July 16th, 2014

Germany has more to brag about than a World Cup championship (thanks to a late-game goal that put the nail in Argentina's coffin in the final). The country is also home to a thriving medical device industry showing impressive strength in all areas ranging from R&D and medtech startups to regulation and market growth. While the eurozone crisis and global recession crippled some countries and brought others to their knees, fiscally conservative Germany has weathered the storm and maintained a growing healthcare sector.
Here are some of the must-read stories on the trends and companies that are marking Germany's medical device industry.
What's Germany's Secret?
July 14th, 2014

St. Jude Medical's CardioMEMS acquisition brought to the Minnesota device a breakthrough heart monitoring device meant to serve as an early alert system for chronic heart failure patients. The FDA recently cleared it.

The CardioMEMS implantable sensor

In a clinical trial of 550 patients, the CardioMEMS system, the world...

July 14th, 2014

The decision may further narrow the situations where patent holders may assert a claim of induced infringement in the medical device space. 

By Jeremy Lowe

In a unanimous opinion delivered June 2, 2014, the Supreme Court decided that Internet content delivery company Limelight Technologies Inc. was not liable for induced infringement of Akamai Technologies’ content delivery patents. Justice Samuel Alito, writing on behalf of the court, declared that the Federal Circuit “fundamentally misunderstands what it means to infringe a method patent” and held that there can be no induced infringement without direct infringement. Direct infringement, in the Supreme Court’s formulation...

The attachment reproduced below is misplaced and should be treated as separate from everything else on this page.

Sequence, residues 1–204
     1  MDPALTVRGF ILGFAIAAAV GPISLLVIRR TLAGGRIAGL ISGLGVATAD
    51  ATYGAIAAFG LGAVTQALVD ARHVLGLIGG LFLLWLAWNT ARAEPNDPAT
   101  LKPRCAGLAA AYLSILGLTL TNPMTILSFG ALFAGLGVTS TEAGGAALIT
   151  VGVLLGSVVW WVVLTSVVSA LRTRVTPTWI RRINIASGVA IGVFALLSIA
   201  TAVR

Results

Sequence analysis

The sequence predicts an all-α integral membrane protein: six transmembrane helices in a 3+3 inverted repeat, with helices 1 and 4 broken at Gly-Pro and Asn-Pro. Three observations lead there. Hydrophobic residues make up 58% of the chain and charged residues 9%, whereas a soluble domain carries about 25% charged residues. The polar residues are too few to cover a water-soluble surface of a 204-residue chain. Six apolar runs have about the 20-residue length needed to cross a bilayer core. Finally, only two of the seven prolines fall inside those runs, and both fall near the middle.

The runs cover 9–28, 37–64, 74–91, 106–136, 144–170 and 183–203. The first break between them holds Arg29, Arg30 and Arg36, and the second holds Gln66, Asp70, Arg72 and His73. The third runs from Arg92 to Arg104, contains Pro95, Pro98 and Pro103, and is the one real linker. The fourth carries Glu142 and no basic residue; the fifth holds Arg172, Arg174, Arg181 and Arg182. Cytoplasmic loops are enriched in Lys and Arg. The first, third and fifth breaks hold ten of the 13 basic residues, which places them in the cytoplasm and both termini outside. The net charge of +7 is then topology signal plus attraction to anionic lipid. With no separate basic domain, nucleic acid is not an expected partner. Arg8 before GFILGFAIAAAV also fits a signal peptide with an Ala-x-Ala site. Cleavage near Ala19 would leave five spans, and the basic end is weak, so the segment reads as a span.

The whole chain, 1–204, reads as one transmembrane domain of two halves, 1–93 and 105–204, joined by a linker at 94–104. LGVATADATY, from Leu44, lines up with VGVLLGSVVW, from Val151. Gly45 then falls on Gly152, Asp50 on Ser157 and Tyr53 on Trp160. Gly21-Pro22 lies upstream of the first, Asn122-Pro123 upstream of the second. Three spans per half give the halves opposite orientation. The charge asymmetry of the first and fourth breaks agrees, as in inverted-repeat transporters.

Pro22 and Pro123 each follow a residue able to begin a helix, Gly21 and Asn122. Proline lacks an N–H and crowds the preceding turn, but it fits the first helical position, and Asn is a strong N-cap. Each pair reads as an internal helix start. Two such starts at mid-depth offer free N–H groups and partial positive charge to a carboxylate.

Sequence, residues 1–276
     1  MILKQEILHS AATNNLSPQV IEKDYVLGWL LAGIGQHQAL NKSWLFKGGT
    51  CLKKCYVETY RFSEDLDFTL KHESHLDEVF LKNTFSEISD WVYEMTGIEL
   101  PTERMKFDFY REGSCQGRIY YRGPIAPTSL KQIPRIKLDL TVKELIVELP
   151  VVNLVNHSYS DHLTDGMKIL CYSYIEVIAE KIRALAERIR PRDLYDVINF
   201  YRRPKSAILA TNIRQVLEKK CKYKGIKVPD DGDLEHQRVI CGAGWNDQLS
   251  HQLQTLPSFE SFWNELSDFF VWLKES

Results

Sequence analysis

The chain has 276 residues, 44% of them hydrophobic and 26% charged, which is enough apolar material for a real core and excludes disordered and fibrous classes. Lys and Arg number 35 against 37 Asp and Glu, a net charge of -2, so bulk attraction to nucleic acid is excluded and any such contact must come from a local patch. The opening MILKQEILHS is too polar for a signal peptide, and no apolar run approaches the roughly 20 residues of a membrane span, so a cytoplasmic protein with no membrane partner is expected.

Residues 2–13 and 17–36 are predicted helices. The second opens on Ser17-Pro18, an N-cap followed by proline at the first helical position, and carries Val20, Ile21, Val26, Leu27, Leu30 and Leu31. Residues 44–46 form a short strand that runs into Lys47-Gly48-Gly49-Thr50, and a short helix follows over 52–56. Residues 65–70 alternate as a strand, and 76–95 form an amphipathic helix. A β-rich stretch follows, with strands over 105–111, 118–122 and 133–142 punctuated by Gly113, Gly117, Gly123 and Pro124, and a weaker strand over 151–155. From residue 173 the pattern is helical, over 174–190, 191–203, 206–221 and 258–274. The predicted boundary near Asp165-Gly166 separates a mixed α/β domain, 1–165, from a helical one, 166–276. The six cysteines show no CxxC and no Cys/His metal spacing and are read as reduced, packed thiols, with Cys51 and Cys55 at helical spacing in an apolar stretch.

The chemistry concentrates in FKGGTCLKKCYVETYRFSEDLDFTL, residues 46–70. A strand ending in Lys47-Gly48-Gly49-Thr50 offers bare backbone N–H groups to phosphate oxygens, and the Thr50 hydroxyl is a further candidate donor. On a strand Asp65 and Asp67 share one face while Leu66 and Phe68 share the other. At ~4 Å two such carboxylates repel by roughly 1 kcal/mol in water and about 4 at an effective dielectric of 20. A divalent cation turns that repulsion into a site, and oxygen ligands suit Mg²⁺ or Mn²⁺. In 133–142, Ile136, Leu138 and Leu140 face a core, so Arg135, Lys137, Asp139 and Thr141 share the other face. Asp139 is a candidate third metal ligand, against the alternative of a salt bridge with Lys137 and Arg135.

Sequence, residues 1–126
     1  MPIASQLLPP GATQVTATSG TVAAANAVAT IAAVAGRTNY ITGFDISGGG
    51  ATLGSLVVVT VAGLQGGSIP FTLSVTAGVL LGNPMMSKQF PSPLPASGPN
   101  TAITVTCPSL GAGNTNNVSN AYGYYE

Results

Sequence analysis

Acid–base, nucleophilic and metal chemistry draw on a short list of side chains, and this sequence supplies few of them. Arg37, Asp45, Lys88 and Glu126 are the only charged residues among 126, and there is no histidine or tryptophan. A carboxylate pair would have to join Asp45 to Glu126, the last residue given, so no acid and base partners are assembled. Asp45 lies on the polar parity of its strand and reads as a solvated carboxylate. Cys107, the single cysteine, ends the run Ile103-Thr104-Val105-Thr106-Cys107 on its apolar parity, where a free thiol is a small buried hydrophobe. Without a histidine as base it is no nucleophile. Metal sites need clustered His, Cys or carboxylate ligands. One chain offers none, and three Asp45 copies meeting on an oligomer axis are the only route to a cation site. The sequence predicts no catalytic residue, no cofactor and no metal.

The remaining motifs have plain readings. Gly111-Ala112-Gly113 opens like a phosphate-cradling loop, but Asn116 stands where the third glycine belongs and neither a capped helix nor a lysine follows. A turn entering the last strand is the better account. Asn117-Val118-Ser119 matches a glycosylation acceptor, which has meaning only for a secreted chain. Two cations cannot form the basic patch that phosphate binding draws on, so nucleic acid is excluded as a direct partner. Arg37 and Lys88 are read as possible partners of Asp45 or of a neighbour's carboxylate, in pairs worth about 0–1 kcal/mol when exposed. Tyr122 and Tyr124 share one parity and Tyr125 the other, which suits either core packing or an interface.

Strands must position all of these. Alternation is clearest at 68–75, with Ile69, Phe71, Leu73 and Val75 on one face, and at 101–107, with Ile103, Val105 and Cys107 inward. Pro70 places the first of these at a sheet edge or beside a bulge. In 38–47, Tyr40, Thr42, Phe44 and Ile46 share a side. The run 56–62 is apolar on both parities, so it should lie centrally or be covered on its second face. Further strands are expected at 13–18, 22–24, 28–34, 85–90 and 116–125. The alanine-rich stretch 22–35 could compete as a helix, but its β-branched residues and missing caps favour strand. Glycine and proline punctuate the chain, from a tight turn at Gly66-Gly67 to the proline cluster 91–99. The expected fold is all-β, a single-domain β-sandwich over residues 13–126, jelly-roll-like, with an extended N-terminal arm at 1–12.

July 10th, 2014

Medical device companies will have to pay more attention during patent procurement to precisely defining their inventions.

By Jeremy Lowe


On June 2, 2014, the Supreme Court ruled unanimously in Nautilus Inc. v. Biosig Instruments Inc. that Biosig Instruments’ heart-rate monitor patent was invalid. Biosig had sued Nautilus Inc., its competitor, for allegedly infringing the patented monitor, and the District Court and the Court of Appeals for the Federal Circuit found that the patent was valid in favor of Biosig. Writing for the high court, Justice Ruth Bader Ginsburg disagreed with the lower courts’ rulings, saying the claimed “spaced relationship” design in Biosig’s patent may well be too...

July 9th, 2014

America is a nation of choice.

Especially to someone who can remember only two government-controlled TV channels as a pre-teen in India in the 1980s, the choice that we as Americans have not only in terms of the idiot box, but everything else, is sometimes dizzying.

That choice has become even more widespread with advances in technology. We are forever making choices. We are constantly opting in and out. 

Except when it comes to healthcare. There, no matter what we would prefer, we are held fast to HIPAA. Imagine being only allowed to communicate using feather quills and ink while email and texting were readily available. 

Now Dr. Mark Blatt, Intel's Worldwide Medical Director, is expounding a radical though rational idea. Let patients decide whether they want to opt out of HIPAA guidelines. Blatt recently...

July 9th, 2014